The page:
- Manufacturing, awarded by the Army: $1 billion to Janssen, $1.2 billion to AstraZeneca, $1.8 billion to Sanofi, $1.6 billion to Novavax and $2 billion to Pfizer.
“The remaining $3.6 billion was for medical research and development and other nonvaccine products and services,” according to GAO.
GAO made 14 recommendations based on these findings, targeted toward DHS, DOD, HHS and the General Services Administration, which manages the FPDS reporting tools. The agencies agreed with 11 of the recommendations, but DOD only partially agreed with one and DHS disagreed with two.
DOD agreed with three recommendations provided by GAO but balked at the idea of prioritizing means of tracking OTA spending for national emergencies.
“In its written comments, DOD noted that it understands the importance of being able to quickly identify awards made in support of national emergencies, such as the response to the COVID-19 pandemic, for the public,” the report states. However, “DOD further notes that the federal response to COVID-19 is very unique, and it is unlikely that OTAs will be used to respond to national emergencies, natural disasters, or contingency actions in the future. As a result, DOD stated it does not believe expending resources on system changes to FPDS-NG is warranted.”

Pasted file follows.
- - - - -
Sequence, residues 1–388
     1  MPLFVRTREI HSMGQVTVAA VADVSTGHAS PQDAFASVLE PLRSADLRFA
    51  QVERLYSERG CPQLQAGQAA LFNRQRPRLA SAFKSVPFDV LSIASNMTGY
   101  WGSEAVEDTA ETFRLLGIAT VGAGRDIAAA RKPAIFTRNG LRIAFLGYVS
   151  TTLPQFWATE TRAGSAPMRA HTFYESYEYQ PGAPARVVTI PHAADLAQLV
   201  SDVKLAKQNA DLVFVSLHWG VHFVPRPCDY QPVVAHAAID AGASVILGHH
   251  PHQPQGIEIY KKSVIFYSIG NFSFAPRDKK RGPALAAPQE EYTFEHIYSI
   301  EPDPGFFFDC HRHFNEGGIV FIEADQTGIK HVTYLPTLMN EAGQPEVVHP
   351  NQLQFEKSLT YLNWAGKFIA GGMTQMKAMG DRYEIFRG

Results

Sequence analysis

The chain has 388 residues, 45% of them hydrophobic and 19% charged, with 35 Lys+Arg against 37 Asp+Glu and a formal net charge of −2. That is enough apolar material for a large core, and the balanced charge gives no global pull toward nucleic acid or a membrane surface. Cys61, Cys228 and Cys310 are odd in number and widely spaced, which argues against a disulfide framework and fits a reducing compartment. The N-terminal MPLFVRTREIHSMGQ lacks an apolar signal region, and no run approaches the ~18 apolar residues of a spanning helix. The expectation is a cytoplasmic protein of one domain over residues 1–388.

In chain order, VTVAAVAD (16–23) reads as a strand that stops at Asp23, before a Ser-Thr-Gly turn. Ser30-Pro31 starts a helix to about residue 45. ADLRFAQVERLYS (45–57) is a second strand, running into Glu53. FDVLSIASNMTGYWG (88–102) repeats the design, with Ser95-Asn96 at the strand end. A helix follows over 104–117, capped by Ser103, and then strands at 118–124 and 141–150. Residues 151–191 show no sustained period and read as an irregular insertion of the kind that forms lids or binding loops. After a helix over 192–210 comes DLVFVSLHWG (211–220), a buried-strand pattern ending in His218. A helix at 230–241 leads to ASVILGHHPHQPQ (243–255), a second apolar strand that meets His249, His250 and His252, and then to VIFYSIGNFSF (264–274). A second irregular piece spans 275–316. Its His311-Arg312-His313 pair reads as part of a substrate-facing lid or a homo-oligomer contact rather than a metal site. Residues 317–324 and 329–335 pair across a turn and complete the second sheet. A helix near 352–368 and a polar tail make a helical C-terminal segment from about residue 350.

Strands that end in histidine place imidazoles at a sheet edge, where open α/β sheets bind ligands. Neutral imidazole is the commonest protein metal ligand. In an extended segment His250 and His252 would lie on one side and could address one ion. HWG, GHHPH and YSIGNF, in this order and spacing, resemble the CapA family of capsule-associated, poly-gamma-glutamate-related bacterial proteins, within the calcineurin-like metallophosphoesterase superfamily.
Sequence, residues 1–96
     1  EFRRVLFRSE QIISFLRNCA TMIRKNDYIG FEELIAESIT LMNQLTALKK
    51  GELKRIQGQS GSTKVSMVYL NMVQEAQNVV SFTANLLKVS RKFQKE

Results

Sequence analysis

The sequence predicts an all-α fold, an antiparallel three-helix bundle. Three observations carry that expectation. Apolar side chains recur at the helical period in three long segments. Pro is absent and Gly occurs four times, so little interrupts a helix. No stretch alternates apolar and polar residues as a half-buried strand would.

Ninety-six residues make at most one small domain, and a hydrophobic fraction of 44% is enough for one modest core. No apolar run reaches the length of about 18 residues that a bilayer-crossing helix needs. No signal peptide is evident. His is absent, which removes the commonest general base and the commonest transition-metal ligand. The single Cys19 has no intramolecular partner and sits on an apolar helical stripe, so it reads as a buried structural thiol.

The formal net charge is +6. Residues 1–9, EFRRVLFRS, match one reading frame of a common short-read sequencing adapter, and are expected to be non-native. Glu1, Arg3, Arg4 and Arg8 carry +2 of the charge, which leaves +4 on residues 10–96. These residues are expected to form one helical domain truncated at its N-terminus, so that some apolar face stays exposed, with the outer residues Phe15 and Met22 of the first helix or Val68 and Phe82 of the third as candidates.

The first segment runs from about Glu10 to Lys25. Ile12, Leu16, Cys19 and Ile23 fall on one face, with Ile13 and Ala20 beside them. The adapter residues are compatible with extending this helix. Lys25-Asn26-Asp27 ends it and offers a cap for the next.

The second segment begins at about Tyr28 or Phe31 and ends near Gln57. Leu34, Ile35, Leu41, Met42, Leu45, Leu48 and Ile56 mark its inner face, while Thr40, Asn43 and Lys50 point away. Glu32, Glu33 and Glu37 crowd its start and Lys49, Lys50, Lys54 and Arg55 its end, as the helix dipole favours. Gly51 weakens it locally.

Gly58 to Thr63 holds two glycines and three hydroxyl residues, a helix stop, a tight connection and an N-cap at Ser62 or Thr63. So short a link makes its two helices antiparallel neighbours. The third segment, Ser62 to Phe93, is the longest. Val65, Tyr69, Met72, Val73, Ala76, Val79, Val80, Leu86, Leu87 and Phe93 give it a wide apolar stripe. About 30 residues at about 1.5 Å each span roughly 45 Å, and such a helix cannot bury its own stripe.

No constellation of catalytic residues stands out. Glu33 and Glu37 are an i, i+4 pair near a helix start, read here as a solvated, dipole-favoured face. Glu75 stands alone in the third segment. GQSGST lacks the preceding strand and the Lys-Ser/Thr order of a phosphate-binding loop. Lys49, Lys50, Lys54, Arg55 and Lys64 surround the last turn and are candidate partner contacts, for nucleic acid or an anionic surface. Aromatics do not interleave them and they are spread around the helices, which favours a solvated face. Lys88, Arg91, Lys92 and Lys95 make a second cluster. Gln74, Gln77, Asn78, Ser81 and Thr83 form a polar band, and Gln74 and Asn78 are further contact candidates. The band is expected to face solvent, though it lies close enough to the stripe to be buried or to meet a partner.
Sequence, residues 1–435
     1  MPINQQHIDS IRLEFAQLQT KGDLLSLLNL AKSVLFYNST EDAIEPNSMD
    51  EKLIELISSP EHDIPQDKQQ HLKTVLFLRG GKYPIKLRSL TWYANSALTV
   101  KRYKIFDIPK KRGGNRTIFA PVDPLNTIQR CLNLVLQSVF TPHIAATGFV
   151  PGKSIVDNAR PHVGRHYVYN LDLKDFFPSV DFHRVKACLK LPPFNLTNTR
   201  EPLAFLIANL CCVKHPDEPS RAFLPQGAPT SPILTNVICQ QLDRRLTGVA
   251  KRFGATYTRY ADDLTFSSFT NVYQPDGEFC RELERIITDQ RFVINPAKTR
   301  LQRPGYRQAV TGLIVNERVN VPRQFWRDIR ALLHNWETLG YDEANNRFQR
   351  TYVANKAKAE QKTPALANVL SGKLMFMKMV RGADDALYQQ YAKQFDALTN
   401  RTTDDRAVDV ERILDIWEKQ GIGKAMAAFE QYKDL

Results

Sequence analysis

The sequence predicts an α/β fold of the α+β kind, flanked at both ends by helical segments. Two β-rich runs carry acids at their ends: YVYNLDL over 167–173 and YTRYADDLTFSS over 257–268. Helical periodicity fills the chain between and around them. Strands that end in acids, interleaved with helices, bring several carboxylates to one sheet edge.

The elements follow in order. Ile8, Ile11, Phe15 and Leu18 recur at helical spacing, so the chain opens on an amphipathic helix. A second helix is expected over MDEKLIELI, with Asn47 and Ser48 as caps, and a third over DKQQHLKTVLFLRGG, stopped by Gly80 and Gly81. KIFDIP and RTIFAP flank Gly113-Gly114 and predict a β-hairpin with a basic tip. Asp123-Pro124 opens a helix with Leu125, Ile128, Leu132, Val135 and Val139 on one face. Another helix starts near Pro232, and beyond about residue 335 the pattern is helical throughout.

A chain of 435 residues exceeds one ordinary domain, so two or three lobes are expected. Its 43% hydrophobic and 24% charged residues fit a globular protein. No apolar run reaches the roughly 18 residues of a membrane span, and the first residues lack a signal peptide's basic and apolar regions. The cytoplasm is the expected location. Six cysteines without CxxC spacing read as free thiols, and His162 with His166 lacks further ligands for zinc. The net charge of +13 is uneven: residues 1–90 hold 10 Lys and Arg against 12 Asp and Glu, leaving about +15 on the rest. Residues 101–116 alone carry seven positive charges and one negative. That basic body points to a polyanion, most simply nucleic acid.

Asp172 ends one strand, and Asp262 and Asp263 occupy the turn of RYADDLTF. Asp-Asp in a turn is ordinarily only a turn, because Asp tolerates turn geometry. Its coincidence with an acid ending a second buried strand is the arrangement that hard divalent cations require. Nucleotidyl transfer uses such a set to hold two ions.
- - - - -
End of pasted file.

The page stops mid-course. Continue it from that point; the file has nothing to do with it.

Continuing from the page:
GAO fundamentally disagreed.
DHS outright disagreed with that recommendation, as well as another asking the agency to update its guidance for reporting OTA awards for COVID-19.
“In its response, DHS noted that additional guidance is not necessary because designation of OTAs is addressed in its July 2019 OTA guide, and that only research and prototype OTAs are required to be reported in FPDS-NG,” the report states. “However, DHS’s response does not address the primary purpose of the recommendation—to provide the public with better transparency on the dollars obligated on COVID-19 OTAs.”